Providing Access to Records in Non-Paper Formats

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The records of governmental offices are no longer only paper documents or bound books. Records may now be found in a diverse mixture of media. If your office stores records in various formats, such as audiotape or videotape, you may need to make sure some means of accessing the record is readily available to the public. Since the definition of a public record includes records of many formats (including various audio and video records and electronic files), the attorney general has opined that it may violate the Public Records Act if the custodian of the records stored in these other formats could not provide a means for the public to inspect these records.[1]  This may require you to have a VCR and television or tape player available for use in your office or somewhere in the courthouse. Separate statutes specifically related to electronic records and microfilm records also require that equipment be available to allow viewing of records stored in these other media.[2]These mandates may be of particular concern to an archives facility which may store records of many different formats in one location. Allowing continued access to these records may prove difficult for both the office that created the records and the archives.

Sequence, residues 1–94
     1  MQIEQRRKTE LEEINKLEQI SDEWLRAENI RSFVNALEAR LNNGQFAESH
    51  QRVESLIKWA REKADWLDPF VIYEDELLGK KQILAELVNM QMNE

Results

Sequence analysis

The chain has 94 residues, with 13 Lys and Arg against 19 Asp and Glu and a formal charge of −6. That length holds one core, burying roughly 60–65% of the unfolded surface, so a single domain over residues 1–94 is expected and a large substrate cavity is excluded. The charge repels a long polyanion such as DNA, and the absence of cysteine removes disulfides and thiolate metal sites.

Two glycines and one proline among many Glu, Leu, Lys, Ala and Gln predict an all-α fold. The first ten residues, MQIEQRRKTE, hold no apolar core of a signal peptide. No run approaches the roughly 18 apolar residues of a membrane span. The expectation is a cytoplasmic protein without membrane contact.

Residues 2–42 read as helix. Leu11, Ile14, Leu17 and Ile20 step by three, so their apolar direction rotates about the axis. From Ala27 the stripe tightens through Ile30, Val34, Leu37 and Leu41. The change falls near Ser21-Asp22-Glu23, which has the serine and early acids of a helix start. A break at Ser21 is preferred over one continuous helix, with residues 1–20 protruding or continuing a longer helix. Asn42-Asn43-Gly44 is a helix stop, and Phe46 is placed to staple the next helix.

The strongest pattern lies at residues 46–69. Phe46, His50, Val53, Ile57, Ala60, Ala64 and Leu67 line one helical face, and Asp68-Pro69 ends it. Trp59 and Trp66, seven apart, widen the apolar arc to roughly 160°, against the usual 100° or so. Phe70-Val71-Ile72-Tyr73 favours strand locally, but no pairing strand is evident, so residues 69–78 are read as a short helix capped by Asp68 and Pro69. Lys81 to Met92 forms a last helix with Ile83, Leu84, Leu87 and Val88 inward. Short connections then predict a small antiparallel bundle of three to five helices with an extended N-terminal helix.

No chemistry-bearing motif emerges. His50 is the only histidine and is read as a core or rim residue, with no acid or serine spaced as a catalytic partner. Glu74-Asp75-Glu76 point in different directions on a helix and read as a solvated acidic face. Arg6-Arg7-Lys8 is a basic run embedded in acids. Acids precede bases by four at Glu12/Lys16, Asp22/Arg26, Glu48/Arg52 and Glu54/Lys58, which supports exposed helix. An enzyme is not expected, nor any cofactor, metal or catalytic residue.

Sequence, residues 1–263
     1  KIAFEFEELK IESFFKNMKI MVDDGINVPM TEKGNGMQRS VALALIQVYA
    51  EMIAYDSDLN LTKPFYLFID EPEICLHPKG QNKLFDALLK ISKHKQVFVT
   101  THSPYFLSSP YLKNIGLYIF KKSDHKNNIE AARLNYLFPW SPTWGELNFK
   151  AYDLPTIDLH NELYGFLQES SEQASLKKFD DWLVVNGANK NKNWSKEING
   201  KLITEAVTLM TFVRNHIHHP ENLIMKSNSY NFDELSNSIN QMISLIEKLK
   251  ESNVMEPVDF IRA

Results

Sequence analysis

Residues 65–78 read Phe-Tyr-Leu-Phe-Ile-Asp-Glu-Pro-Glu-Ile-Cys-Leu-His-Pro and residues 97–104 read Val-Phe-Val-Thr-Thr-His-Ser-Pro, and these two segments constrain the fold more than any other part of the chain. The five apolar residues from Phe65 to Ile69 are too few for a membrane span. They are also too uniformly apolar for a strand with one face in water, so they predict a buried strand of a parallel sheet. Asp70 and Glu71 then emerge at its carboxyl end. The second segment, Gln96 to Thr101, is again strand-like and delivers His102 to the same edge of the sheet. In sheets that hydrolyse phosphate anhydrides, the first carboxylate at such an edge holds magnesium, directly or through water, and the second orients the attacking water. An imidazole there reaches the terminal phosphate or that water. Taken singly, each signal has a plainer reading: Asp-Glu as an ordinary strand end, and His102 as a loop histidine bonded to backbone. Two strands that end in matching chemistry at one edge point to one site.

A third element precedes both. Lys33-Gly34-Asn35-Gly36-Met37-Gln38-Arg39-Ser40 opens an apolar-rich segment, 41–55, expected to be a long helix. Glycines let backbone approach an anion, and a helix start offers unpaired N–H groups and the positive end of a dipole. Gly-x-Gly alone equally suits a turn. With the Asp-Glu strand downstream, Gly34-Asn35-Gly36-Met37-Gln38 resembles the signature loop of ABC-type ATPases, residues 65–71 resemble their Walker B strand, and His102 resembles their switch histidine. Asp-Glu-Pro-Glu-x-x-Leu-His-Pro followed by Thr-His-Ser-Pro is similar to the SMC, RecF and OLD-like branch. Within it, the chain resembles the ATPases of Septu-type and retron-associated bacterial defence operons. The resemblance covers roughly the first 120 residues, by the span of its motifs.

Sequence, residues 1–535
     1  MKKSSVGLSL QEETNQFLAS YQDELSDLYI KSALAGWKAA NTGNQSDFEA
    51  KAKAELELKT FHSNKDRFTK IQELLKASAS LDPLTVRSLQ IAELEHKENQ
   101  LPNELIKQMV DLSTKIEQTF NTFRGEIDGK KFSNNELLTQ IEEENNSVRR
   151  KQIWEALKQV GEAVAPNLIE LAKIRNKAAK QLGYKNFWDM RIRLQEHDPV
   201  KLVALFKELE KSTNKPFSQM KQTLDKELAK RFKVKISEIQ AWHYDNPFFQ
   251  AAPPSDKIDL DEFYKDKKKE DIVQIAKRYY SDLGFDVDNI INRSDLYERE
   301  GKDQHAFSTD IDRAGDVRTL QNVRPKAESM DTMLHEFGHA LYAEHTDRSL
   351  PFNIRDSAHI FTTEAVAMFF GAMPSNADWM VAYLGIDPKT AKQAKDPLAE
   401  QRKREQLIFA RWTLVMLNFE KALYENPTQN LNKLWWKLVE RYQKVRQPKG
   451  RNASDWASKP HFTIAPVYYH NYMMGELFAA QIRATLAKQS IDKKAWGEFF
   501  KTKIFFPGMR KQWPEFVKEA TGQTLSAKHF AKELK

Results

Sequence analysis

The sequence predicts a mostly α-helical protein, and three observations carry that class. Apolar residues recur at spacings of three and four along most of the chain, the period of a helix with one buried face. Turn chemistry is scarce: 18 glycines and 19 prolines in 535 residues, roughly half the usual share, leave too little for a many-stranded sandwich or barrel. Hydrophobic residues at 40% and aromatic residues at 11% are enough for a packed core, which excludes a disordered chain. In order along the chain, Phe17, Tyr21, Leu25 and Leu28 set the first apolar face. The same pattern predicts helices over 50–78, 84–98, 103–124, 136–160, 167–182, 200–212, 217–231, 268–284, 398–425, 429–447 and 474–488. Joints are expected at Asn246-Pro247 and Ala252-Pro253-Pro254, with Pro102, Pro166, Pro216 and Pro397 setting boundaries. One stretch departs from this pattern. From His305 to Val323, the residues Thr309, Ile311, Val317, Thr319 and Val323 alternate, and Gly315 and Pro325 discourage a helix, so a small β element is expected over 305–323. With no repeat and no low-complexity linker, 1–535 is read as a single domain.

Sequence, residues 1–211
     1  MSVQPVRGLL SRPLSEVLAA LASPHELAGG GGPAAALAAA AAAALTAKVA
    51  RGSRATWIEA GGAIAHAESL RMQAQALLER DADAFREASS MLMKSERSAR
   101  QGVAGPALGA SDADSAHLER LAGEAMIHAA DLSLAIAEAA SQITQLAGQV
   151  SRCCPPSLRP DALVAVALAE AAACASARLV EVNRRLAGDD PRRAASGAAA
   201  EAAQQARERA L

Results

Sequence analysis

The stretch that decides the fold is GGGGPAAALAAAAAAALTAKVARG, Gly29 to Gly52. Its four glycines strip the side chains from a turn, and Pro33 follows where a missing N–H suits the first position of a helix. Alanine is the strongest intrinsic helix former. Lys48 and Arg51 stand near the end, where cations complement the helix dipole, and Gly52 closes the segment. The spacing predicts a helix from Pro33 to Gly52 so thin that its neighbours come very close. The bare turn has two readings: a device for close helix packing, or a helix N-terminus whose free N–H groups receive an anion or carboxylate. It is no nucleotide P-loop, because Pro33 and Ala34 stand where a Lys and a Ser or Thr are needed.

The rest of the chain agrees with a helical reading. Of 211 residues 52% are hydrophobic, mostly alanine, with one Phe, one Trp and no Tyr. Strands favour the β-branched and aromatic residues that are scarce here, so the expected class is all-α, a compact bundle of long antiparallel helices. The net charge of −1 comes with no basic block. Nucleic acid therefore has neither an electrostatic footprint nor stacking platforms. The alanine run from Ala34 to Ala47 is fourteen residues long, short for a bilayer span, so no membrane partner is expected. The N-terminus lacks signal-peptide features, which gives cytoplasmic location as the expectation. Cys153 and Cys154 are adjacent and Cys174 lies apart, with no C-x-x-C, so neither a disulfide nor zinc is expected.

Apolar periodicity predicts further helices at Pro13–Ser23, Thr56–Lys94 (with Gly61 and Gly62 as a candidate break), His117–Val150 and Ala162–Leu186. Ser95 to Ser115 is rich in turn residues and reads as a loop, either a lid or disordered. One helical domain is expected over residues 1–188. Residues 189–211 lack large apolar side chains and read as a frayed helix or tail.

For additional information, see Electronic Records.

            [1]  Op. Tenn. Att’y Gen.  No. 01-021 (February 8, 2001).

            [2]  T.C.A. §§ 10-7-121 and 10-7-406.